The Arrovian framework, however, does not present the ideal environment in which to study minimal liberty. An agent may have the right (or in Hohfeldian terms a privilege) to determine a social decision. Typically, though, he need not exercise his right. Or the agent may be willing to trade or waive his right in exchange for some benefit. Gibbard  argued that the power to waive one's rights undermined Sen's claim. Subsequent authors then reformulated Sen's argument within a more suitable, game theoretic framework. See, e.g., Deb, Pattanaik and Razzolini . The conflict thus persists in a more plausible and appealing formal framework.
In Hohfeld's taxonomy of legal rights, a legal duty is the jural correlate of a legal right. We might similarly consider responsibility the ethical correlate of liberty within the conceptual framework of autonomy. Recent formal work has shown that this aspect of autonomy also conflicts with the Pareto criterion.
Sen defined autonomy as liberty understood as freedom to choose. Autonomy as responsibility for one's choices and actions represents the obverse side of this freedom to choose. Political philosophers have examined this issue in their study of distributive justice. Rawls  famously argued that individuals were not responsible for their innate talents. Dworkin  extended this argument through his distinction between “brute luck” and “option luck”. Distributive justice in both arguments required insurance against bad realization of risks of “brute luck” but responsibility for the bad realizations of option luck.
Within economics, the study of responsibility has emerged from the literature initiated by Duncan Foley  and Hal Varian  on fairness. An allocation is fair if and only if it is Pareto efficient and envy-free. An allocation is envy-free if no individual would prefer the outcome assigned to another individual to the outcome assigned to her. In an exchange economy, a competitive equilibrium that results from an initial, equal allocation of resources is both Pareto efficient and envy-free because each individual has the same set of options available to her. The competitive equilibrium is thus fair.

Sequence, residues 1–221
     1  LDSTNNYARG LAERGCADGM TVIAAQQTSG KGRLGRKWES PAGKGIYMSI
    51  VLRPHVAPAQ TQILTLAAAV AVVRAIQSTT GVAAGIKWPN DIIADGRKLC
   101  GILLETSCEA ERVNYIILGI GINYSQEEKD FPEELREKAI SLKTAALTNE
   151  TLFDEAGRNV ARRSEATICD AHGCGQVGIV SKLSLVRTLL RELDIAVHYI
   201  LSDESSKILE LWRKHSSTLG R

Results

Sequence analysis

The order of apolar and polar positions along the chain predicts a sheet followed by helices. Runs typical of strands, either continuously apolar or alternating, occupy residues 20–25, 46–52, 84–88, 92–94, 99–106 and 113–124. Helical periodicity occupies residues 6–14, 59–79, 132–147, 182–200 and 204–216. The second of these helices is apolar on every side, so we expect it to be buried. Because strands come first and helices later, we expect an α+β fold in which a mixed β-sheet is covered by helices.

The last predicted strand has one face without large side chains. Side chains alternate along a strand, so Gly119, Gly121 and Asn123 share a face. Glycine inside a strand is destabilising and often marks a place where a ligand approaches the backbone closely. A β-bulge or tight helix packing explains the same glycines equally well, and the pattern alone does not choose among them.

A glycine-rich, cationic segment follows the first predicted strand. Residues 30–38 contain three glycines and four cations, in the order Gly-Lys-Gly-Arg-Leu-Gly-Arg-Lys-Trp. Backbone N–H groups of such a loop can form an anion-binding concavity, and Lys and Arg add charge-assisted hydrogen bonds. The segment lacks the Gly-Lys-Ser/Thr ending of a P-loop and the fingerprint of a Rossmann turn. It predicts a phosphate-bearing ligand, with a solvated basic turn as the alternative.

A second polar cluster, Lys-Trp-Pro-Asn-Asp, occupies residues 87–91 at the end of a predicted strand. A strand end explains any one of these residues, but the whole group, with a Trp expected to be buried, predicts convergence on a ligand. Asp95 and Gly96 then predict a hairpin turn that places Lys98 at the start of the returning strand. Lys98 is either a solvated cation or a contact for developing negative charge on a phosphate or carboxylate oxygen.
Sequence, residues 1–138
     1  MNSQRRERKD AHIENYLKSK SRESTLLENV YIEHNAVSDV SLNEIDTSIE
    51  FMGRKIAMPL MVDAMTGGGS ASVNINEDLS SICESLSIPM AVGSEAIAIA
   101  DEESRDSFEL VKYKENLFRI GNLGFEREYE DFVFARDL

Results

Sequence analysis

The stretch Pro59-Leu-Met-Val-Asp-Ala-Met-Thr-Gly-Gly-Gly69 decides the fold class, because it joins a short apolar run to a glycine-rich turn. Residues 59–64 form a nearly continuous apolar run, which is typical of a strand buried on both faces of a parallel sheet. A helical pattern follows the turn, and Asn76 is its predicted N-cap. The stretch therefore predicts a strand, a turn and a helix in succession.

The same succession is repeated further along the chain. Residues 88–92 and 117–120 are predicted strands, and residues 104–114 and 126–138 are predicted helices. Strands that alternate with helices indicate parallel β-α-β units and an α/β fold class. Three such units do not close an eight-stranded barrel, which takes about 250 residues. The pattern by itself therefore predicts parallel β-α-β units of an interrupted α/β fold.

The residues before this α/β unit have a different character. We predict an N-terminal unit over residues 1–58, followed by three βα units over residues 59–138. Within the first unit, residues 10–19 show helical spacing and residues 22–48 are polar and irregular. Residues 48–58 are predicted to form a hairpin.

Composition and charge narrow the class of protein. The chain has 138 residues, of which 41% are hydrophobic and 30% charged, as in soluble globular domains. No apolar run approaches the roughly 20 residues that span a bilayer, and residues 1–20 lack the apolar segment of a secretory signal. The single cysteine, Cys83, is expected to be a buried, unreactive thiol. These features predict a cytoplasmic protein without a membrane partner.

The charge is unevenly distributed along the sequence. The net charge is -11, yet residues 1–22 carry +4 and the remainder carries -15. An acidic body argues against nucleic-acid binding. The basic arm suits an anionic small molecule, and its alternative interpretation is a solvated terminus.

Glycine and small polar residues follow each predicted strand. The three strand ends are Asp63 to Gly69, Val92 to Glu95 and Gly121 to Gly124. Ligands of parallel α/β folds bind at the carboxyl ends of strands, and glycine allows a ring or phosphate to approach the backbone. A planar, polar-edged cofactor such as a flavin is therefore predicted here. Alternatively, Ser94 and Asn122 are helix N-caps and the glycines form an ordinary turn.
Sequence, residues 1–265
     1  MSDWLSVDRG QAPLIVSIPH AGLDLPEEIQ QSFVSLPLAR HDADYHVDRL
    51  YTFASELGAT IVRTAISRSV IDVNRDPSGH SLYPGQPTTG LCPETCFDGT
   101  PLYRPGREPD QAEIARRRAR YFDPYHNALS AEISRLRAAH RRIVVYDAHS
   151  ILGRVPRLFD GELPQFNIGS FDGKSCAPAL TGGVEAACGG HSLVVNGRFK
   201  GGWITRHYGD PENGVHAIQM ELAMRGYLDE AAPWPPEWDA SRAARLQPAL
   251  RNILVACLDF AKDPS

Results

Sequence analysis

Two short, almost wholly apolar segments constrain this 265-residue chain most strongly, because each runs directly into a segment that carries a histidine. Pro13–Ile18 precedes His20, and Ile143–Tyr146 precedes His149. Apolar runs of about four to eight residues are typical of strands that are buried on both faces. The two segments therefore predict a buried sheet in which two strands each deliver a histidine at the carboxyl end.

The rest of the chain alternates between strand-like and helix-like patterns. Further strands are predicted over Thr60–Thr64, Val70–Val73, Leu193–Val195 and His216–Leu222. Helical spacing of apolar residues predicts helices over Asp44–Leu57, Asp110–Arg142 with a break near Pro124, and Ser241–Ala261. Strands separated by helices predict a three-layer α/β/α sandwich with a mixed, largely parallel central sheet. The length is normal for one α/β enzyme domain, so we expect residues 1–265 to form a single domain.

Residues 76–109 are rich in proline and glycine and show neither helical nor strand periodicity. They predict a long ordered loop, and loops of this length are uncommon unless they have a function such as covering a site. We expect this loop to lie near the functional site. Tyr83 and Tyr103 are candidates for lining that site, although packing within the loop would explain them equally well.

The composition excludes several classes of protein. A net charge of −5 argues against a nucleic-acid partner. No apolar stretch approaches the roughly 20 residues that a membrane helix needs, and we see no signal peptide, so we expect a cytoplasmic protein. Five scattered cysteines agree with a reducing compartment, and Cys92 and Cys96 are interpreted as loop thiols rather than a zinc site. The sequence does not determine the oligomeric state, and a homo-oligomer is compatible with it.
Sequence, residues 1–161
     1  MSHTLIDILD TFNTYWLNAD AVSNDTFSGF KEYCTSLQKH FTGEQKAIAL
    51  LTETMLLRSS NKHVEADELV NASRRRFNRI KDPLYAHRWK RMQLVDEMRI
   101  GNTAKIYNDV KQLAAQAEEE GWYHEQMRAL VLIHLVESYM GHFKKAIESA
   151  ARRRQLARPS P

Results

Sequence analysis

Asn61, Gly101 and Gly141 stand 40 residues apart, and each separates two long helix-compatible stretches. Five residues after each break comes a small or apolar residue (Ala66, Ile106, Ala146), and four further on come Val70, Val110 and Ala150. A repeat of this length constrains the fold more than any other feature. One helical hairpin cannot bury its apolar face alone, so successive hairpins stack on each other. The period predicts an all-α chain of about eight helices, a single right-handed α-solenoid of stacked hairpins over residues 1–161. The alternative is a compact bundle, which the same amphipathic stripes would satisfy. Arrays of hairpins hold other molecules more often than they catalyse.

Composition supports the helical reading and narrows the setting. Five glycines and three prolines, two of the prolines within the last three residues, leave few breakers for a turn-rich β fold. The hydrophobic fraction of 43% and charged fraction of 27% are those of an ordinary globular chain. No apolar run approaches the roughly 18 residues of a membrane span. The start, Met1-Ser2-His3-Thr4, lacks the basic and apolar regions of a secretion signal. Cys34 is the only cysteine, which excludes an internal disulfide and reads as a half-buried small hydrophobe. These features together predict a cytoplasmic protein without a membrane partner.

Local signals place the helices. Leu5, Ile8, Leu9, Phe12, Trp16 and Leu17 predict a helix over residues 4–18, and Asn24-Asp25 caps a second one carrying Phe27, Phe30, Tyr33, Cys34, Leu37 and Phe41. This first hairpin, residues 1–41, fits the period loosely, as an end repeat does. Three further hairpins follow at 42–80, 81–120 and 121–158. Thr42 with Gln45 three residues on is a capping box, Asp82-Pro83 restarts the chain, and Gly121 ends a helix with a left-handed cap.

In a production economy, however, a similar argument will fail if individuals have different talents. The argument fails for two reasons. First, talents are not transferable though, of course, we may transfer money between agents. Second, when two individuals have unequal talents, they face different sets of feasible options. The more talented have better options and hence do better. The less talented may envy them. As a consequence, no efficient and envy-free equilibrium exists.
These arguments apply to the more abstract concerns of distributive justice and responsibility. The no-envy test outlined above combines two distinct ideas. First, individuals with identical attributes for which they are responsible should have identical well-being. Second, individuals with identical characteristics for which they are not responsible should receive identical compensation for their losses. The first condition addresses option luck; the second brute luck.
Fleurbaey  comprehensively explores the tensions between these two aspects of the no-envy test and between the no-envy test and the Pareto criterion. The compatibility of these two conditions depends on the nature of the correlation of these effects of brute and option luck on the agent's well-being. If the well-being of agents with bad luck is unusually responsive to their bad luck, no fair allocation exists. The requirements of no-envy and Pareto again conflict.
We now turn to a third aspect of autonomy, self-governance. In the context of collective action, self-governance refers to democratic governance. The vast literature on social choice theory investigates the relation of self-governance to the Pareto criterion in this context.